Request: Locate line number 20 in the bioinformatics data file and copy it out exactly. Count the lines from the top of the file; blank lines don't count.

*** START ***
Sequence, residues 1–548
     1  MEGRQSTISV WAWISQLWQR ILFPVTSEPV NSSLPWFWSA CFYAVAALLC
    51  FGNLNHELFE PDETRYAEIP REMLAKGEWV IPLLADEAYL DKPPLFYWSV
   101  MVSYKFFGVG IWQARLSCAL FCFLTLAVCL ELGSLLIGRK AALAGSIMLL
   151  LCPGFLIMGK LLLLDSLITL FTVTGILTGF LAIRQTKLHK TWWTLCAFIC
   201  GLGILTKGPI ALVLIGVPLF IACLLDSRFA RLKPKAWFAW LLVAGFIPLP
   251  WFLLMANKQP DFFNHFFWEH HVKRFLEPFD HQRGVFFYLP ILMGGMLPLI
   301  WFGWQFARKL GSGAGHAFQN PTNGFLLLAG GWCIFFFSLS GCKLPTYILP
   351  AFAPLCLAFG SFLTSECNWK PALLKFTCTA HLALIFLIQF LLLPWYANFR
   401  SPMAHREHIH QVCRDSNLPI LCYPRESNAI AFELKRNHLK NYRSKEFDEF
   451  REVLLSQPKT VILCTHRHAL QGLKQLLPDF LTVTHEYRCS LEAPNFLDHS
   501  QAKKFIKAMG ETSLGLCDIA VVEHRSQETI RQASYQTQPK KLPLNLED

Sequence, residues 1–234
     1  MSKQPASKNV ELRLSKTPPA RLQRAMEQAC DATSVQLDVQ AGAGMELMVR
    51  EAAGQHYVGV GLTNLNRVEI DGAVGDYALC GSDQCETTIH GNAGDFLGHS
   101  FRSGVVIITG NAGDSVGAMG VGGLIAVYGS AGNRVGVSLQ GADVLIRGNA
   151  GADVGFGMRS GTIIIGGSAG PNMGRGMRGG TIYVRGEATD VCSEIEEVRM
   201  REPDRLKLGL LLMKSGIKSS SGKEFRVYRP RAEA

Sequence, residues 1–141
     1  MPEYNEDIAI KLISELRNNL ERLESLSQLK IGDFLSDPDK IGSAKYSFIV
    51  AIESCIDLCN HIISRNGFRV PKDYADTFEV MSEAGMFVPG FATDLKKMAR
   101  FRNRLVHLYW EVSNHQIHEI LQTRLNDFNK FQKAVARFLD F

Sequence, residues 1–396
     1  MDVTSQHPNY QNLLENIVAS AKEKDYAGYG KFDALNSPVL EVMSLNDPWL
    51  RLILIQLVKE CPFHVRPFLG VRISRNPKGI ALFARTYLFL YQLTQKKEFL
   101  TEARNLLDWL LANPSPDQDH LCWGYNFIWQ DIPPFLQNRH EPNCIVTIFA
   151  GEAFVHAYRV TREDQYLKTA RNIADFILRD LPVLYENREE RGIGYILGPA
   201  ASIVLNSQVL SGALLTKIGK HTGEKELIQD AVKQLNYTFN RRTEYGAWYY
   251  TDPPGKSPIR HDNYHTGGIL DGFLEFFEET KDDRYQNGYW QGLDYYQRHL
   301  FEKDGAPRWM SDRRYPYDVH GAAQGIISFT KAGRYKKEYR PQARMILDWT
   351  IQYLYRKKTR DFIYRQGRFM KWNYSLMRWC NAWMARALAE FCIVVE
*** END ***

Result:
     1  MPEYNEDIAI KLISELRNNL ERLESLSQLK IGDFLSDPDK IGSAKYSFIV